FIG. 12 and 13 show a sixth embodiment of the sensing element, wherein a thermal conductive layer 66 is deposited on the reverse side of the speed sensing resistor 63, that is, it is disposed between the base plate 61 and the speed sensing resistor 63, and wherein an insulator layer 67 is disposed between the speed sensing resistor 63 and the thermal conductive layer 66. As the thermal conductive layer 66, employed is a cupper layer, for example, which is thermally conductive and also electrically conductive. Therefore, the thermal conductive layer 66 is fixed to the speed sensing resistor 63 through the insulator layer 67. As the insulator layer 67, a silicon may be employed because its heat transfer characteristic is appropriate. These thermal conductive layer 66 and the insulator layer 67 are formed at the same time when the speed sensing resistor 63 is formed through spattering or vapor deposition, and etching etc.. The remaining structure of a sensing element 60 of the present embodiment is same as that of the embodiment shown in FIGS. 8 and 9, so that description thereof is omitted. Consequently, in this embodiment, an appropriate temperature distribution on the base plate 61 is obtained as shown in FIGS. 12 and 13. Further, the embodiment shown in FIGS. 12 and 13 may incorporate the features in the embodiments shown in FIGS. 8 to 11. Both of the thermal conductive layer 66 and insulator layer 67 may be disposed on both sides of the speed sensing resistor 63 in FIGS. 12, 13.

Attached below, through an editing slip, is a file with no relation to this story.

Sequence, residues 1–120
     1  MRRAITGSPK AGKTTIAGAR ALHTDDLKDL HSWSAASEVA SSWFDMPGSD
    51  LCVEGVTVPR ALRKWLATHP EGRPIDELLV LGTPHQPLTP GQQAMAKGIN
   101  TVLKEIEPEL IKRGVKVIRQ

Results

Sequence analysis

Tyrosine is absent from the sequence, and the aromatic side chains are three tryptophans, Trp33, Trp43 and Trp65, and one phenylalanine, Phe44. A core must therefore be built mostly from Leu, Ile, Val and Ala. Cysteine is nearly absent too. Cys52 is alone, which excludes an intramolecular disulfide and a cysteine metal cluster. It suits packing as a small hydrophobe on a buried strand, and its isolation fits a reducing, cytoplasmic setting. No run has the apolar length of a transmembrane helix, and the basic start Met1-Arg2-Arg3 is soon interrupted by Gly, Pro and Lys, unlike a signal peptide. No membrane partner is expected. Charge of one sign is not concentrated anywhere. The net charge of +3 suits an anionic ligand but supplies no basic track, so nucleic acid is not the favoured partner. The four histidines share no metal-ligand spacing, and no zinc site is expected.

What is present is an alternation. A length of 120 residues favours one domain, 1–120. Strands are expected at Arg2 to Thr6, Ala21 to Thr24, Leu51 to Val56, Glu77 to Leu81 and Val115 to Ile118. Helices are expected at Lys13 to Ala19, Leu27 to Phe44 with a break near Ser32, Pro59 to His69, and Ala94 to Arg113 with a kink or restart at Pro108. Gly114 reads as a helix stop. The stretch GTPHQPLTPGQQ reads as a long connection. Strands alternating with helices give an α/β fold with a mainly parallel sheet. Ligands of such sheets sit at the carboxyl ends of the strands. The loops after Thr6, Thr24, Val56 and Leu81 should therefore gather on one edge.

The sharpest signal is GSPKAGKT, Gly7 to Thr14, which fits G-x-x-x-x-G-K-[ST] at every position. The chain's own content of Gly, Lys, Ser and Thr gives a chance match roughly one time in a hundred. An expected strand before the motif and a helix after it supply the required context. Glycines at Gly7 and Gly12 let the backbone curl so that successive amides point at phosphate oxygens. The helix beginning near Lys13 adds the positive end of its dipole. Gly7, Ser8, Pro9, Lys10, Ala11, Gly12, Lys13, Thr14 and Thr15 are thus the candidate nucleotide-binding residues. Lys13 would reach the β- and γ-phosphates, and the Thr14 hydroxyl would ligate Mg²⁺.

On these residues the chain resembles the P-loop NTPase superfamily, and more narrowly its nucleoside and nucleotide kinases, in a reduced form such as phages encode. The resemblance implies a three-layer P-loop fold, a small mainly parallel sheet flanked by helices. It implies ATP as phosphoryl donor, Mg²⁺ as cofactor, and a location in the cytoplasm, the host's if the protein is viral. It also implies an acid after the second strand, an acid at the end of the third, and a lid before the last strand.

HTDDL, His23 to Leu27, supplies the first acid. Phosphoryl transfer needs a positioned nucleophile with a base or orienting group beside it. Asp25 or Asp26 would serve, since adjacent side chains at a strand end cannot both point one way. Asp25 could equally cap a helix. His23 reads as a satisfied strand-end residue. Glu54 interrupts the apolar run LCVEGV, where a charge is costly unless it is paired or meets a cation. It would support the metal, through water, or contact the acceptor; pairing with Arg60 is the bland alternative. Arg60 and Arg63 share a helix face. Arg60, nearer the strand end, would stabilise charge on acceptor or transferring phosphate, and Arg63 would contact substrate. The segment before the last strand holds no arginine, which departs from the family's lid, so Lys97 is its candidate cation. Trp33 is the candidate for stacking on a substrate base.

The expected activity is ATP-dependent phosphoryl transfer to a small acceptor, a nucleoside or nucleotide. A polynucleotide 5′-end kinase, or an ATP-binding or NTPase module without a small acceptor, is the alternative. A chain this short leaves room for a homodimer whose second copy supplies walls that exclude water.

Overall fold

It should be apparent to one skilled in the art that the above-described embodiment is merely illustrative of but a few of the many possible specific embodiments of the present invention. For example, in the above-described embodiments, the speed sensing resistor of the self-heating type is employed, whereas that of so-called indirect heating type with a heating resistor disposed in its vicinity may be employed. Numerous and various other arrangements can be readily devised by those skilled in the art without departing from the spirit and scope of the invention as defined in the following claims.

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Referenced by
Citing PatentFiling datePublication dateApplicantTitle
US5520047 *Mar 4, 1994May 28, 1996Hitachi, Ltd.Exothermic resistor element and thermal process air flow meter using the same
Classifications
U.S. Classification73/204.26
International ClassificationG01F1/684, G01P5/12, G01F1/692
Cooperative ClassificationG01F1/692, G01P5/12, G01F1/684
European ClassificationG01F1/684, G01F1/692, G01P5/12
Legal Events
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Oct 19, 2004FPExpired due to failure to pay maintenance fee
Effective date: 20040825
Aug 25, 2004LAPSLapse for failure to pay maintenance fees
Mar 10, 2004REMIMaintenance fee reminder mailed
Feb 14, 2000FPAYFee payment
Year of fee payment: 8
Feb 13, 1996FPAYFee payment
Year of fee payment: 4